While our recent story “Can Drones Make a Difference in Real Estate?” focused on the use of drones in real estate to showcase homes for sale, it didn’t address the growing concern of privacy and homeowner airspace rights.
The Federal Aviation Administration (FAA) regulates the commercial, governmental, and private use of drones. Currently, its regulations focus on safety rather than privacy and have proposed a collection of rules to make standard for operational limitations, operator certification and responsibilities, and aircraft requirements.
Would you be surprised to know that of the first 500 commercial drone permits granted by the Federal Aviation Administration, real-estate businesses won nearly a third of those permits. The most popular use — showcasing properties with video taken from the air — accounted for 153 of the early permits granted by the FAA beginning in September, according to the study by the Association for Unmanned Vehicle Systems International, a trade group.
And not surprisingly California leads the country in businesses using drones with 70 in California, 46 in Texas, 40 in Florida, 18 in Illinois and 17 in Arizona.
There are currently few federal regulations governing snooping by drones, and it’s unclear how a patchwork of state laws will apply to unmanned aerial vehicles. A firearm is probably the wrong way to protect our privacy against invasion by drones, but it remains to be seen whether the law will give property owners better options.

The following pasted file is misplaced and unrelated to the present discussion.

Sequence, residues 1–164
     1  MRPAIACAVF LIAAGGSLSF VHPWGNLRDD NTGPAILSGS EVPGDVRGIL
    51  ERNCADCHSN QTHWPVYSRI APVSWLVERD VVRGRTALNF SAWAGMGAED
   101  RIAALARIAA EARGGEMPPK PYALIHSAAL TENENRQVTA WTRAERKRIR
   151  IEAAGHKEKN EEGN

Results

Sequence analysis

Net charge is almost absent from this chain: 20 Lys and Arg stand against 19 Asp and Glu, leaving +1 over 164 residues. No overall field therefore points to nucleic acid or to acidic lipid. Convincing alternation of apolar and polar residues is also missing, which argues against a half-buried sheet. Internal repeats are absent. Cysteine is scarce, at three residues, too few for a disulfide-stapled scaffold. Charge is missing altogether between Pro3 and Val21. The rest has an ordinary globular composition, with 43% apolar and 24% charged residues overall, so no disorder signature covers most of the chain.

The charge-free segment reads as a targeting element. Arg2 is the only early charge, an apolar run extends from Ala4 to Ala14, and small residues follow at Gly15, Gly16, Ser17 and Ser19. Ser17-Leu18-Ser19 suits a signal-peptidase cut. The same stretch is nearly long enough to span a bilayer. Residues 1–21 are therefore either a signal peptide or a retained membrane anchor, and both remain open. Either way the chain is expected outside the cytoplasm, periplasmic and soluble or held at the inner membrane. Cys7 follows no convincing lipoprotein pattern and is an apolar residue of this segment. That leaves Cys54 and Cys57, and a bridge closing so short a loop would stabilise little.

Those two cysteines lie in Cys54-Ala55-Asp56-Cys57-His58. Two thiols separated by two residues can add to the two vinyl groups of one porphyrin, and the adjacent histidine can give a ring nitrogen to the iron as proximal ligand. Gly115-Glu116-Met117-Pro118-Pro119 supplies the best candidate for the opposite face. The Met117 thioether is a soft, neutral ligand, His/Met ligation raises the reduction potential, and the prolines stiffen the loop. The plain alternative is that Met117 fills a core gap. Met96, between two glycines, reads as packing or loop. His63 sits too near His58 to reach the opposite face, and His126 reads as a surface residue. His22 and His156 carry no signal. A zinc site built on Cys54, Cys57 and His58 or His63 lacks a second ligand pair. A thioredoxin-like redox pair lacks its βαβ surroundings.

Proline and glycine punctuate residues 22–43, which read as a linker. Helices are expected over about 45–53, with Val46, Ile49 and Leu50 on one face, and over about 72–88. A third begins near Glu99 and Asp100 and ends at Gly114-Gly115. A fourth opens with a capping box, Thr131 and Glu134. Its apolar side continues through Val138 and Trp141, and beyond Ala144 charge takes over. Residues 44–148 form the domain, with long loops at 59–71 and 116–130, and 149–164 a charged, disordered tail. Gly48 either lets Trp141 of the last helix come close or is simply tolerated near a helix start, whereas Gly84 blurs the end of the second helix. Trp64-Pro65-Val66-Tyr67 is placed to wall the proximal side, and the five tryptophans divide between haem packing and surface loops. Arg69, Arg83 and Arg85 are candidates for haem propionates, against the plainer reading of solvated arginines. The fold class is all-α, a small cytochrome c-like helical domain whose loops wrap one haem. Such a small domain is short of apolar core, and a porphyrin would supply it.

The organization Know Before You Fly helps hobbyists, businesses, and public entities alike understand what they can and can’t do with drones. Legislation pertaining to privacy hasn’t been addressed by the FAA and is being left up to states. The incident in Kentucky in which the man shot down a drone “hovering” in his backyard has sparked the privacy debate once again.
Last month, the U.S. National Telecommunication and Information Administration hosted talks to address the drones and privacy issue. Nothing has been resolved as of yet. California has addressed the issue with the passing of SB 142, a bill that would ban drones from flying over private property at distances under 350 feet without consent.
The bill has met opposition from both privacy advocates and drone enthusiasts, as it’s impractical and would be difficult to enforce and it would hinder the drone industry, and the jobs and innovation it creates, much of which is concentrated in the Bay Area.
Others have advocated that homeowners should have a right to the immediate airspace above their homes. Despite all the current regulations and the gray areas, drones are big in the real estate industry. The National Association of Realtors even has a page entitled “Drones – Frequently Asked Questions” where Realtors can find information on drones and related legislation as they pertain to the real estate industry.
What is clear is that a debate is brewing and questions that need to be addressed include:
What rights do you have to the airspace above your home?
What can you legally do to stop a drone from hovering over your residence?
What do you think about privacy issues when using drones in real estate? We’d love to hear from you.